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Whistleblower: Wall Street Has Engaged in Widespread Manipulation of Mortgage Funds

May 30, 2020

By Heather Vogell : Propublica – excerpt

Securities that contain loans for properties like hotels and office buildings have inflated profits, the whistleblower claims. As the pandemic hammers the economy, that could increase the chances of another mortgage collapse.

Among the toxic contributors to the financial crisis of 2008, few caused as much havoc as mortgages with dodgy numbers and inflated values. Huge quantities of them were assembled into securities that crashed and burned, damaging homeowners and investors alike. Afterward, reforms were promised. Never again, regulators vowed, would real estate financiers be able to fudge numbers and threaten the entire economy.

Twelve years later, there’s evidence something similar is happening again.

Some of the world’s biggest banks — including Wells Fargo and Deutsche Bank — as well as other lenders have engaged in a systematic fraud that allowed them to award borrowers bigger loans than were supported by their true financials, according to a previously unreported whistleblower complaint submitted to the Securities and Exchange Commission last year…(more)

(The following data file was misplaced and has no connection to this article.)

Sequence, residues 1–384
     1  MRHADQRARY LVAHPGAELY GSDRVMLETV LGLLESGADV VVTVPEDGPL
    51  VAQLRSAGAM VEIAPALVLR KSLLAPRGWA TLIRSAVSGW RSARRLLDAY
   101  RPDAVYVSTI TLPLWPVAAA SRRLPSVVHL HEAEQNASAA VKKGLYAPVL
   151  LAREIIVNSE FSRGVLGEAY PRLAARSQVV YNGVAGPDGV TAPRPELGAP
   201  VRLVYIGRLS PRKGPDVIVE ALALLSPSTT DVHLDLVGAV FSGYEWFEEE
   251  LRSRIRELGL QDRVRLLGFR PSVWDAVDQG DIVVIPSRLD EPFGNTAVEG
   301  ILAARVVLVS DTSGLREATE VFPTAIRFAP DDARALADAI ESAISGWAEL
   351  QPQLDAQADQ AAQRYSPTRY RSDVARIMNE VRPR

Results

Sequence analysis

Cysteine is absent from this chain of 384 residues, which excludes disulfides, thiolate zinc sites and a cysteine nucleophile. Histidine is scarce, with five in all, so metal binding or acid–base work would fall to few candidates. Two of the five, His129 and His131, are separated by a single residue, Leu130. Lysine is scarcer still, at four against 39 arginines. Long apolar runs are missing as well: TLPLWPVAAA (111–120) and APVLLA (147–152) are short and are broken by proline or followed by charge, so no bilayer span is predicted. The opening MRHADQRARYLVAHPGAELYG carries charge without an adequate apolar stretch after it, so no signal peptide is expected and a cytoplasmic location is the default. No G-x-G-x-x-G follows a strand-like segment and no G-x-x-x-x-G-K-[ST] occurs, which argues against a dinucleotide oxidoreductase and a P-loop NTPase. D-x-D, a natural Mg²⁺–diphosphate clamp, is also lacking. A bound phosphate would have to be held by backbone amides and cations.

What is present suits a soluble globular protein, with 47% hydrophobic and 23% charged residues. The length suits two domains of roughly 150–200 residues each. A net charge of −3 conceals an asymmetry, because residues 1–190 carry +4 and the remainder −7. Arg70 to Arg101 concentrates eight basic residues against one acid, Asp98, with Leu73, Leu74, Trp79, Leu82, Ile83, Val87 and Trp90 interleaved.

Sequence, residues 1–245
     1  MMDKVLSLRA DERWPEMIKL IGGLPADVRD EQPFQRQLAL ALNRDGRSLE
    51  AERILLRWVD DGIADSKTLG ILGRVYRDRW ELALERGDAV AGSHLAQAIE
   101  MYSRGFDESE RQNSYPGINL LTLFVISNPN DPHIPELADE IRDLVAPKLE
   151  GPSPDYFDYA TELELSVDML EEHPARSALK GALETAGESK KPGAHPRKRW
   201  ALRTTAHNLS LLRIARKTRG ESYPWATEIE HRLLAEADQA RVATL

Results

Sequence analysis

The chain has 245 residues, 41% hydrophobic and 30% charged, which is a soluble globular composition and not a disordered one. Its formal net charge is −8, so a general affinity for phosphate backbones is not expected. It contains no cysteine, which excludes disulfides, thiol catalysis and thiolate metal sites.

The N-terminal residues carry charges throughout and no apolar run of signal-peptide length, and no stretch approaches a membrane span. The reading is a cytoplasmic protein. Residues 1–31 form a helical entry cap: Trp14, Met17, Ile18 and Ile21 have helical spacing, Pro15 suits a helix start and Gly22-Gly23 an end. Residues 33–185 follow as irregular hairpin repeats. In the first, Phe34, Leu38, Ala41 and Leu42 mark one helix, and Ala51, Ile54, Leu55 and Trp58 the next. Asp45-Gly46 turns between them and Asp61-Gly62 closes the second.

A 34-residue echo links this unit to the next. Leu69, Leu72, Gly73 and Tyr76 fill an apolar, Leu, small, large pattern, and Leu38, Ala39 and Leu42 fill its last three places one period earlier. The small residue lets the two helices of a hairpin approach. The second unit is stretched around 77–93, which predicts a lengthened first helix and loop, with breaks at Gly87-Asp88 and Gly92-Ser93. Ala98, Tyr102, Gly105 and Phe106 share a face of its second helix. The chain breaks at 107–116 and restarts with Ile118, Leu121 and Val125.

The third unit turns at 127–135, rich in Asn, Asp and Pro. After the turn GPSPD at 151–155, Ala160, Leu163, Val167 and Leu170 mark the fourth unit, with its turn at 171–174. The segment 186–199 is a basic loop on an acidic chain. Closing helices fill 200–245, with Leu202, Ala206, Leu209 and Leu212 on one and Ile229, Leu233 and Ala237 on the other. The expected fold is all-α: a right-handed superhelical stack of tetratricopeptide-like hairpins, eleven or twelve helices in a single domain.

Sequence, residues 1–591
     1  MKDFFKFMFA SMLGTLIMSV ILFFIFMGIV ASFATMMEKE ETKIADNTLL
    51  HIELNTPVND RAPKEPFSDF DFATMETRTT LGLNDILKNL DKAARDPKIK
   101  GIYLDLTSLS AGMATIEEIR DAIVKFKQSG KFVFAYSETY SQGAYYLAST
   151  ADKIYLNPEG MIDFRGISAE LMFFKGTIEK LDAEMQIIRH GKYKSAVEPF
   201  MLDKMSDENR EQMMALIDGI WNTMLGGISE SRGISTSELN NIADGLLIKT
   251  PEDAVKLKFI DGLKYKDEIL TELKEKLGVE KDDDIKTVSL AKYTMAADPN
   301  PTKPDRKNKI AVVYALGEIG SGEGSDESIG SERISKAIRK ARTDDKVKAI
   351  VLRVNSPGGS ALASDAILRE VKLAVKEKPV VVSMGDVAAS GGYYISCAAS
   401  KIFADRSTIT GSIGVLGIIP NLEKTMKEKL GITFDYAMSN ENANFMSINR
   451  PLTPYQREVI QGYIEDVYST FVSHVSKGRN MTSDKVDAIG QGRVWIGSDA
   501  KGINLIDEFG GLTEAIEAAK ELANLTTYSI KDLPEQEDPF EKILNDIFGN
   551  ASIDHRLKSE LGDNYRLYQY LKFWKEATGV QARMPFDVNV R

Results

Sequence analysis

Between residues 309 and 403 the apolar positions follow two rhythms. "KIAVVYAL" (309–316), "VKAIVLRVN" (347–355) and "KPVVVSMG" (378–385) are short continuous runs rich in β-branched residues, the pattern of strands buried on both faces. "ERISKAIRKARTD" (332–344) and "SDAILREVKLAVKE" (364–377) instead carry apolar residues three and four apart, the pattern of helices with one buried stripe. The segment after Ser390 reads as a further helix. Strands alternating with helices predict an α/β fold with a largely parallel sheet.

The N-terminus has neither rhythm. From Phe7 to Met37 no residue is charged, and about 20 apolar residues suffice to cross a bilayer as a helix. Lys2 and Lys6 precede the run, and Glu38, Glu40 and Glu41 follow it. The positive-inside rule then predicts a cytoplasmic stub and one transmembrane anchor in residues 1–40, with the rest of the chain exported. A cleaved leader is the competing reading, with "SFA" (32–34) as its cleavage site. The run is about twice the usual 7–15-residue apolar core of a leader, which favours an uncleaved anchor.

Please read the entire article if you can. The author covers a lot of details and concerns with inflated asset valuations and cash flows that are intentionally hidden from investors and lenders, although some lenders seem to be aware of the ruse, and may have helped orchestrate it. Who will ultimately benefit from the fraud and who will suffer from it?

“…many properties changed their names, and even their addresses, from one CMBS to another. That made it harder to recognize a specific property and compare its financial details in two filings.” Public advocates are finding similar confusion in documents filed in local planning and building departments and agencies.

We see many problems stemming from falsification of documents and facts that will make the economic crisis worse and more widespread. The problems are obvious. We need solutions.

Where are the wise economists who are going to get us through this economic crisis and property devaluation without massive disruption of a shaky rental market composed of a lot of poor and unemployed citizens? Where do you start?

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